Journalist's Guide

information, confidential commercial information, and trade secrets. In some cases, these protections may be waived.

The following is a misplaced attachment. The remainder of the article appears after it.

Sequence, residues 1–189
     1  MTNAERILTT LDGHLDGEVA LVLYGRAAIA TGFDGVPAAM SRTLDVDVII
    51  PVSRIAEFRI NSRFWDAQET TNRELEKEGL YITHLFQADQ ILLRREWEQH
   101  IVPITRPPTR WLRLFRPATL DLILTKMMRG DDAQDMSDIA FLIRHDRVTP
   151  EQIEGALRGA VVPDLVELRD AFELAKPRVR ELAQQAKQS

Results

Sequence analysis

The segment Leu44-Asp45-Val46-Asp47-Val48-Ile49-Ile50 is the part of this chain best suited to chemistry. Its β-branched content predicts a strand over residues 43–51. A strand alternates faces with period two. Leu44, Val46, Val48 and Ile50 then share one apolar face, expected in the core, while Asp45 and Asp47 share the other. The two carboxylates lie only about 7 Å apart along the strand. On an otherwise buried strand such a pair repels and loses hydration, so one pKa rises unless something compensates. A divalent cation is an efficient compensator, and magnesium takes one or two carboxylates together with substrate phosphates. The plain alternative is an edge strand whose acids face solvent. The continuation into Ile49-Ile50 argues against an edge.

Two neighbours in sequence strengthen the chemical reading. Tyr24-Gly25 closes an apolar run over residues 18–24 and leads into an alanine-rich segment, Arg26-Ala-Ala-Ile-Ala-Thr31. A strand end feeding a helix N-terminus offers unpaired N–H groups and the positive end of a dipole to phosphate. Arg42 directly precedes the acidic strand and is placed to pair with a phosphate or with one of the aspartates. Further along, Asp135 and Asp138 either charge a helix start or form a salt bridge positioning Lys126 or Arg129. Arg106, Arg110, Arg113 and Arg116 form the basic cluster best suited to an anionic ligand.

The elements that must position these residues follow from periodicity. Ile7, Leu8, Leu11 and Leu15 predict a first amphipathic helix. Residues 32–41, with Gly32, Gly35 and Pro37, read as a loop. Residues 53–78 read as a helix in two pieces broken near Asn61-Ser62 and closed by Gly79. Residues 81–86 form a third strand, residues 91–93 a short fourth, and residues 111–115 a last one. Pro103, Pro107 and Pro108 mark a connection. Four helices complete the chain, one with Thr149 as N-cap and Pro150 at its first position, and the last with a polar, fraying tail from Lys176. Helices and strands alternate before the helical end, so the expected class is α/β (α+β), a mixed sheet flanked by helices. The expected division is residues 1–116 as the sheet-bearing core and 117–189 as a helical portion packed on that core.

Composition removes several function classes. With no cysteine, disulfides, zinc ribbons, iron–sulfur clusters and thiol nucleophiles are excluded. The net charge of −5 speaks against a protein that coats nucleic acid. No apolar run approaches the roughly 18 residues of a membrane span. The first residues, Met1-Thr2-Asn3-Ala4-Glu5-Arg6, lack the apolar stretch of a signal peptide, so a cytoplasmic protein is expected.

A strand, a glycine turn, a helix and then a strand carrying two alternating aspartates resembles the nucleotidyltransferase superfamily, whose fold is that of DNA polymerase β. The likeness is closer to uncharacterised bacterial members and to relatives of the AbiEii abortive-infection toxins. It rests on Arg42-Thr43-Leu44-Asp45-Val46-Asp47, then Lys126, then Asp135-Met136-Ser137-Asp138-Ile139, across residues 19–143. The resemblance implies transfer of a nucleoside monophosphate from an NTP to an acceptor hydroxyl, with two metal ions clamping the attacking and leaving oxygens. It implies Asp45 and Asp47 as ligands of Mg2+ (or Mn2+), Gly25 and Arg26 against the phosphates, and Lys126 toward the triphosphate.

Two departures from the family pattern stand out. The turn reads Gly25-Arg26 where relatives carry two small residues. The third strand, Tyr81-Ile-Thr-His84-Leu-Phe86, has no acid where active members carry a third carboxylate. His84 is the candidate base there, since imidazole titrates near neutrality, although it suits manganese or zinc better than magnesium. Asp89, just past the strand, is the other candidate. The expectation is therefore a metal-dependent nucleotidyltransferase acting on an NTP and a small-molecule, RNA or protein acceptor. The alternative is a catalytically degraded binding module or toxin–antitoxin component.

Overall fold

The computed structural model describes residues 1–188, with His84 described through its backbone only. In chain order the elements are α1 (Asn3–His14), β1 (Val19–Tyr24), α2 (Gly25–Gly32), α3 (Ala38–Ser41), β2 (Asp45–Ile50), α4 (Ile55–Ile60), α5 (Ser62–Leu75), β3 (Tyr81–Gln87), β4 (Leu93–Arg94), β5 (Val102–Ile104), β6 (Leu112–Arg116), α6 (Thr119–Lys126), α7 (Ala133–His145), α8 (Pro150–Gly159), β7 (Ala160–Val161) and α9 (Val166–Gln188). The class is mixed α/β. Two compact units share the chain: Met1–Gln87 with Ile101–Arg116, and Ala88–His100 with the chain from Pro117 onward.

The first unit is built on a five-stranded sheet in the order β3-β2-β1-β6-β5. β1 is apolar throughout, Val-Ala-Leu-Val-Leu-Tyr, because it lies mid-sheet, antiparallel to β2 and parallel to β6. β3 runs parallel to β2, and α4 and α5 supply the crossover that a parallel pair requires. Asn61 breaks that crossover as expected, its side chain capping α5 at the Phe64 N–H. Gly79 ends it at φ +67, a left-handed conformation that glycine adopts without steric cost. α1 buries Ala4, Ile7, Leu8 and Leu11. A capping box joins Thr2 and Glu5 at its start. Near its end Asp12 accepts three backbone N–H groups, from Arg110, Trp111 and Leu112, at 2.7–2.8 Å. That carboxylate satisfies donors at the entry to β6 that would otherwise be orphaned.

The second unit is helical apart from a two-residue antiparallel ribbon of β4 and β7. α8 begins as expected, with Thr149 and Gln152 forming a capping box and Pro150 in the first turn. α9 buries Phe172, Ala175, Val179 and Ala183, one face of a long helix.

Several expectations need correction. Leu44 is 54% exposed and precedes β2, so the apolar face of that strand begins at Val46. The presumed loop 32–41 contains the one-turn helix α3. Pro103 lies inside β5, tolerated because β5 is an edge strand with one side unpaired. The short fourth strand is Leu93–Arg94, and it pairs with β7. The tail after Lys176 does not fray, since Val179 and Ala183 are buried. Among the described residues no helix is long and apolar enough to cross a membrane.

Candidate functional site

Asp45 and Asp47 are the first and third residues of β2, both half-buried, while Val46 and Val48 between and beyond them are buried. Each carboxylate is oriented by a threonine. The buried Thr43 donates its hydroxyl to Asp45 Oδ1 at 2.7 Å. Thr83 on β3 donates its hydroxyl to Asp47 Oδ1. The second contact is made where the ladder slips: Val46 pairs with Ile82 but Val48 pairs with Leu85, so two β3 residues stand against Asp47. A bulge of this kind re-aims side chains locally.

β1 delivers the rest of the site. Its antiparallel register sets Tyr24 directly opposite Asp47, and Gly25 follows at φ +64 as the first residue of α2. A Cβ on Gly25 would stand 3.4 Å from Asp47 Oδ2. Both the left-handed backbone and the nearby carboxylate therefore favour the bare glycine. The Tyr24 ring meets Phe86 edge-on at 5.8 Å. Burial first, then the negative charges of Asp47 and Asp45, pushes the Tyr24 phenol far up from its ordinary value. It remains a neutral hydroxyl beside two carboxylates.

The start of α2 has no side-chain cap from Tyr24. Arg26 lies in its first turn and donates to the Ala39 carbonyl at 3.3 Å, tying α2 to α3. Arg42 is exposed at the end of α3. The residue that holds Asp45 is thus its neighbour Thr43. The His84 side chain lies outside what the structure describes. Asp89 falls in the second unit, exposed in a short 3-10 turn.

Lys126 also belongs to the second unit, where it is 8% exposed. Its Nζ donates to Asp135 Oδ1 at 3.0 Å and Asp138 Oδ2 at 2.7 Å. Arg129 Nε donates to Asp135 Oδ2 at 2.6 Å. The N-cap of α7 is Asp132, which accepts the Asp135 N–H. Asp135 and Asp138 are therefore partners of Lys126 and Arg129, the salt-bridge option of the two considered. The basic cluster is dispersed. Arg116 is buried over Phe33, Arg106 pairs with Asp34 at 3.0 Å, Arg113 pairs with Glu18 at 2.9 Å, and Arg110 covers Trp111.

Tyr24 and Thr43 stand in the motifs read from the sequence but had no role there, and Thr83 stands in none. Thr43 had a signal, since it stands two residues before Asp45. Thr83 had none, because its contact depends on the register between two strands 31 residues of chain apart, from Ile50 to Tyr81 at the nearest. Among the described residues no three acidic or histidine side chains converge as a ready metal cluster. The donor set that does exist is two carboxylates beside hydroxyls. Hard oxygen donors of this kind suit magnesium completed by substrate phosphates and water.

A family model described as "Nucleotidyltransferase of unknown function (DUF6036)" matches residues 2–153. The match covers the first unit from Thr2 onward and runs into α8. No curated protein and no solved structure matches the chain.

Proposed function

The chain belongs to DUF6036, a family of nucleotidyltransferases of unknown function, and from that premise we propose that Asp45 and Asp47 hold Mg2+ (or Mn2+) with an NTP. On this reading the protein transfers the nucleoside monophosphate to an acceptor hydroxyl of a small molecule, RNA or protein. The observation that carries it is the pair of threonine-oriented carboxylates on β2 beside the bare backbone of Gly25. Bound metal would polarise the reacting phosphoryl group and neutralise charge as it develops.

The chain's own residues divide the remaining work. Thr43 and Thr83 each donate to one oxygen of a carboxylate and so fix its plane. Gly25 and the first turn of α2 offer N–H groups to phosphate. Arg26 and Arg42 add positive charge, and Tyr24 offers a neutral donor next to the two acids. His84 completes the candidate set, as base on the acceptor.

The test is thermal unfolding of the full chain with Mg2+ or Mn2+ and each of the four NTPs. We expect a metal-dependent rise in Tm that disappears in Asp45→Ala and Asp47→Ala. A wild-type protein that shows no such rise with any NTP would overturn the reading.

Other records may be withheld if the agency decides disclosure of those records would be “contrary to the public interest.” Examples of records subject to discretionary disclosure include investigatory records, information related to academic, licensing, employment examinations, and documents of a pre-decisional and deliberative nature. In some instances, the PIA grants a “person in interest” a right to access certain records that are otherwise not available to the public under the PIA. A person in interest is usually the person who is the subject of the record. There is no central agency that is responsible for PIA requests. You should contact the agency that has the type of record you are seeking. If you are uncertain about what agency would have the record, you might review the Attorney General’s website for a list of the PIA representatives for various state, county, and municipal bodies, which is available online at You can also check agency websites, the government’s website, or contact your local library where the reference staff might be able to help identify the agency that has the particular type of record. As for to whom to direct your request, check the agency’s website. It should have the relevant contact information. Although there is no particular form to use to make a request, some agencies have created request forms to help them respond to PIA requests. Often, there are methods for submitting a request through the internet. In some cases, a telephone call to the appropriate person in a government agency may satisfy your request for a document. In other cases, you will need to submit your request in writing. Address your request to the individual the agency identifies as its PIA contact. If you do not know who that is, address your request to the agency’s public information officer or to the head of the agency. It is important you specifically describe the records you seek so the agency can research your request. Sometimes discussions with agency personnel will clarify your request and help the agency find the records you are seeking. In many instances, an agency will be able to respond to your request immediately. In fact, for some frequently requested records, an agency may already have records available on its website. For example, the State Department of Assessments and Taxation makes property assessment information publicly available through its website. Otherwise, an agency normally is expected to comply with a PIA request promptly and, in any case, within 30 days. There may be instances where an agency needs additional time to locate and review the requested records. The PIA allows an agency to charge a “reasonable fee” for copies of public records. An agency may also charge a reasonable fee for searching for a public record – a charge that may include the time required for locating and reviewing the record. The first two hours of search time are free, but an extensive search may prove time-consuming and therefore expensive. Thus, it is in both your interest and the agency’s interest to ensure a PIA request clearly and accurately


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